A high-speed extension flight test program was conducted by the Lockheed-California Company on the rigid-rotor XH-51A compound helicopter during May 1965 under Contract DA 44-177-144C-150(2). The objective of this program was to investigate the flight characteristics of the compound helUcopter with special emphasis on the areas of flying qualities, performance, structural loads, vibration, and maneuverability in the speed range of 200 to 230 KTAS. This objective was met and a maximum level flight speed of 236 KTAS was demonstrated.

Lockheeds inability to successfully scale up its XH-51 by a factor of five to its AH-56 led the Army to cancel the Cheyenne production program in 1969 because of unresolved technical problems.

XH-51N

In early 1965 NASA acquired the 3rd XH-51 produced, and the aircraft was flight tested at Langley and at the RAE in England through 1970. The XH-51N was instrumented for flapwise and chordwise bending, and the mast and pitch links were also strain gaged. Likewise, the tail rotor was strain gaged for flapwise and chordwise bending. Several components of the control system were instrumented for loads and position. Accelerometers, rate gyros and vibration pickups were also utilized. Unlike the other 4 aircraft produced, the XH-51N maintained the original 3-bladed configuration, while the others were built or modified for 4 blades, including the XH-51A Compound Helicopter tested under an Army program.

The aircraft had a number of unique features including the hingeless rotor. The aircraft employed a mechanical gyro in the control system such that the pilot did not control the rotor directly, but provided force inputs to the gyro shown in figure 18; the gyro then provided control inputs to the rotor based on inputs from the pilot or from rotor feedback provided by the forward sweep of the blades. This control system was the fore runner of the control system utilized on the AH-56 Cheyenne that resulted in severely limiting problems for that aircraft.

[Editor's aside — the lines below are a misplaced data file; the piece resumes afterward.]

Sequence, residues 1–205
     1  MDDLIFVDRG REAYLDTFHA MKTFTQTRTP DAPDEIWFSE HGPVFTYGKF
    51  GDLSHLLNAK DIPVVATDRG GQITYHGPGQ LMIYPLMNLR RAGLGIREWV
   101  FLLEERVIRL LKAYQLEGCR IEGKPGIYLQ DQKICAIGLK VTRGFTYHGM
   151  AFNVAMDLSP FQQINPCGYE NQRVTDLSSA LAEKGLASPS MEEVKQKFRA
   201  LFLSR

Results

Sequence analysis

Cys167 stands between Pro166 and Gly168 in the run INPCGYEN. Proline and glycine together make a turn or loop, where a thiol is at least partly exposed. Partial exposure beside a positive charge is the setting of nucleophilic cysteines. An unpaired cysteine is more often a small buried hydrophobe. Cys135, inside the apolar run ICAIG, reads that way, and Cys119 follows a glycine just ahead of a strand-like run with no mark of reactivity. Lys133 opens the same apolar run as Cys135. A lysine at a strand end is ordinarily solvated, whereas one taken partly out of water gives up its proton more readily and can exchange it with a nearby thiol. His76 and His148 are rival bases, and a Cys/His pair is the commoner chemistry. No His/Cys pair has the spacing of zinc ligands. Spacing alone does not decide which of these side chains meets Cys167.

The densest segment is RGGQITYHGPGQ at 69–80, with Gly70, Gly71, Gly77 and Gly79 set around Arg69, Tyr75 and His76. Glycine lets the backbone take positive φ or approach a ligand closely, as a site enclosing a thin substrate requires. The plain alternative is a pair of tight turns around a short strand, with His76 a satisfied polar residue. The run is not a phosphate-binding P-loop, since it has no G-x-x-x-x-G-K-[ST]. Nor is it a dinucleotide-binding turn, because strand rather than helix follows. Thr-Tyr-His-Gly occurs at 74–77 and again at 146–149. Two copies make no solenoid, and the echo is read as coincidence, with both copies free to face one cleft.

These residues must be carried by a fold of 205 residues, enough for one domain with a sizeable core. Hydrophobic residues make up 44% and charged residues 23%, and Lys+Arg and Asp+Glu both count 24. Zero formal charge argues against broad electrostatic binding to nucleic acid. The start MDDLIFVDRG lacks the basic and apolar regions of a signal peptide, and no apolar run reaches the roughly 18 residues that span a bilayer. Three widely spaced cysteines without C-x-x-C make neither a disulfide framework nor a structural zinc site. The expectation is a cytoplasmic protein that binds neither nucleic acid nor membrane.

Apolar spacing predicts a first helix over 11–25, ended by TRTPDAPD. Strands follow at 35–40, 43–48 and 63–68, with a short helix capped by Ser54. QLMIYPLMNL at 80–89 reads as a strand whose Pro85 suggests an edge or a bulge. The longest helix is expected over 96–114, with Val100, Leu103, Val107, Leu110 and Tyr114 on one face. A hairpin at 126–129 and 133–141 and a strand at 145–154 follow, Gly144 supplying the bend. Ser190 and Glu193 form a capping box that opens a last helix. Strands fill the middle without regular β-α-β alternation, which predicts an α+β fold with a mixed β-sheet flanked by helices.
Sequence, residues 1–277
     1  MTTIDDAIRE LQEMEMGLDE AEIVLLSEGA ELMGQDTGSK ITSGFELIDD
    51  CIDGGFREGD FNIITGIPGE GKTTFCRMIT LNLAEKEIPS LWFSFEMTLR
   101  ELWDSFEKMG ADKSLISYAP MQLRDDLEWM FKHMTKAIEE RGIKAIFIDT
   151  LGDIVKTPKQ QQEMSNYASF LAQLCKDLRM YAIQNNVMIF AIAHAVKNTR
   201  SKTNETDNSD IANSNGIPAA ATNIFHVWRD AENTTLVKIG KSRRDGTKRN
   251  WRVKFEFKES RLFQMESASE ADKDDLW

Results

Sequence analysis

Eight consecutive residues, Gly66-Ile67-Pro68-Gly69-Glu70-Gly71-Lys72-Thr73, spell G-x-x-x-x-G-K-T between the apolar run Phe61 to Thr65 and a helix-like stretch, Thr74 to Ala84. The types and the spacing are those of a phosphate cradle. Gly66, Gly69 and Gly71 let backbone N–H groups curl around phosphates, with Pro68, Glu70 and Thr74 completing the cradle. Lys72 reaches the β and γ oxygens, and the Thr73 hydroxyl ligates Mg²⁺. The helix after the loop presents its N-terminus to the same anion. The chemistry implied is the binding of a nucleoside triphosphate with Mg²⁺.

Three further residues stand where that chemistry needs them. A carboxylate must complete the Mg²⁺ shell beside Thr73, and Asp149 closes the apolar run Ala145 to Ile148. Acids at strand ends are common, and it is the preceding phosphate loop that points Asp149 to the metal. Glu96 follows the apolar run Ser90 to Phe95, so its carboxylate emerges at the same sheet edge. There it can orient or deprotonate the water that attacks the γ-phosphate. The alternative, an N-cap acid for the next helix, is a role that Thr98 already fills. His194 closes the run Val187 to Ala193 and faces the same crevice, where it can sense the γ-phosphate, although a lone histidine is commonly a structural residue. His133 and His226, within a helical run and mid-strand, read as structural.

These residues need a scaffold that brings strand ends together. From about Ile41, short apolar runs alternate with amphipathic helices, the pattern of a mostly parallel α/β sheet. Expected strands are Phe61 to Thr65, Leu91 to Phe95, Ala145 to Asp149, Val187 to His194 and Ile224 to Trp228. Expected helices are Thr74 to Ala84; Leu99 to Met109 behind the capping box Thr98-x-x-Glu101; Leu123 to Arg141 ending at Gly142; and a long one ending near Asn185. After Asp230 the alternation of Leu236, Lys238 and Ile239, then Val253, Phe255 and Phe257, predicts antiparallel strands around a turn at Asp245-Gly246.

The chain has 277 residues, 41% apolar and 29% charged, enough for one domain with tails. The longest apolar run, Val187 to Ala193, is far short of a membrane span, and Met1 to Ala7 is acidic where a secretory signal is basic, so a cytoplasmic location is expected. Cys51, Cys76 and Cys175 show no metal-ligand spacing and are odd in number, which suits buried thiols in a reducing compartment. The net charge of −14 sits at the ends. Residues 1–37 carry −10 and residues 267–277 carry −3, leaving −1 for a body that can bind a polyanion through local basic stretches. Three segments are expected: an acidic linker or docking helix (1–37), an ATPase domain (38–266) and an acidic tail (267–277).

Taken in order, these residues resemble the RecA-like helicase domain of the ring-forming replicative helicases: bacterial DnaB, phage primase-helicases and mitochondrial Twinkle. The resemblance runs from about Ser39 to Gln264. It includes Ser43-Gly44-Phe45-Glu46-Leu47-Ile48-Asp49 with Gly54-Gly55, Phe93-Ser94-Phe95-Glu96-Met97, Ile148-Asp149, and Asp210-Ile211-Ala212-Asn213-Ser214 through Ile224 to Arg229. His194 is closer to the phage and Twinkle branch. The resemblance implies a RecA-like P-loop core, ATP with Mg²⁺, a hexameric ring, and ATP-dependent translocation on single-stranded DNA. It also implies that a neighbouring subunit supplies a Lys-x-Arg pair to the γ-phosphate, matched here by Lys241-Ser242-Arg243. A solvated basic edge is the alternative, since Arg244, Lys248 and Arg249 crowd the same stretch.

Another unique feature of the XH-51N was the cabin isolation system which was utilized to control cabin vibration. Another vibration control device employed after the fact on the XH-51N were the blade mounted masses as illustrated in figure 20 which were utilized to detune the 2nd flap bending frequency of the rotor. During the research flying with the XH-51 N, the aircraft was flown both with and without the cabin isolation system and the blade masses. Both the rotor loads and the flight dynamics of hingeless rotor configurations in maneuvering flight were investigated during the flight investigations with the aircraft. The XH-51N had even more severe chordwise and flapwise rotor bending problems than the H-13 hingeless rotor helicopter. Both the flapwise and chordwise bending moments consistently exceeded the endurance limit for the measured hub plate during maneuvers, and loads were always monitored in real time utilizing telemetry.

One of the last experiments to be run on the XH-51N was the investigation of an active cabin isolation system to replace the passive spring utilized to isolate the cabin. Excessive cabin vibration levels were experienced with the isolation system locked out and the blade mass removed. This is typical of hingeless rotor helicopters with high effective hinge offset and one of the problems still to be faced with the newer bearingless rotor systems. Reduction of the effective hinge offset, as has been achieved with some of the newer designs, can help allieviate the vibration problem.

Another idea that was stimulated by the work on the XH-51N and its high vibratory loads was the concept of reducing the strength of the tip vortex through the use of the "ogee" tip. The "ogee" tip was conceived by John Ward and initial tests of the tip along with conventional tips were conducted in a small scale smoke tunnel. These preliminary tests indicated a reduction in vorticity of as much as 40% over a conventional square tip and were encouraging enough to initiate work on a full scale evaluation utilizing a UH-1H which was acquired at Langley in the early 70s as a test bed for the "ogee" tip rotor.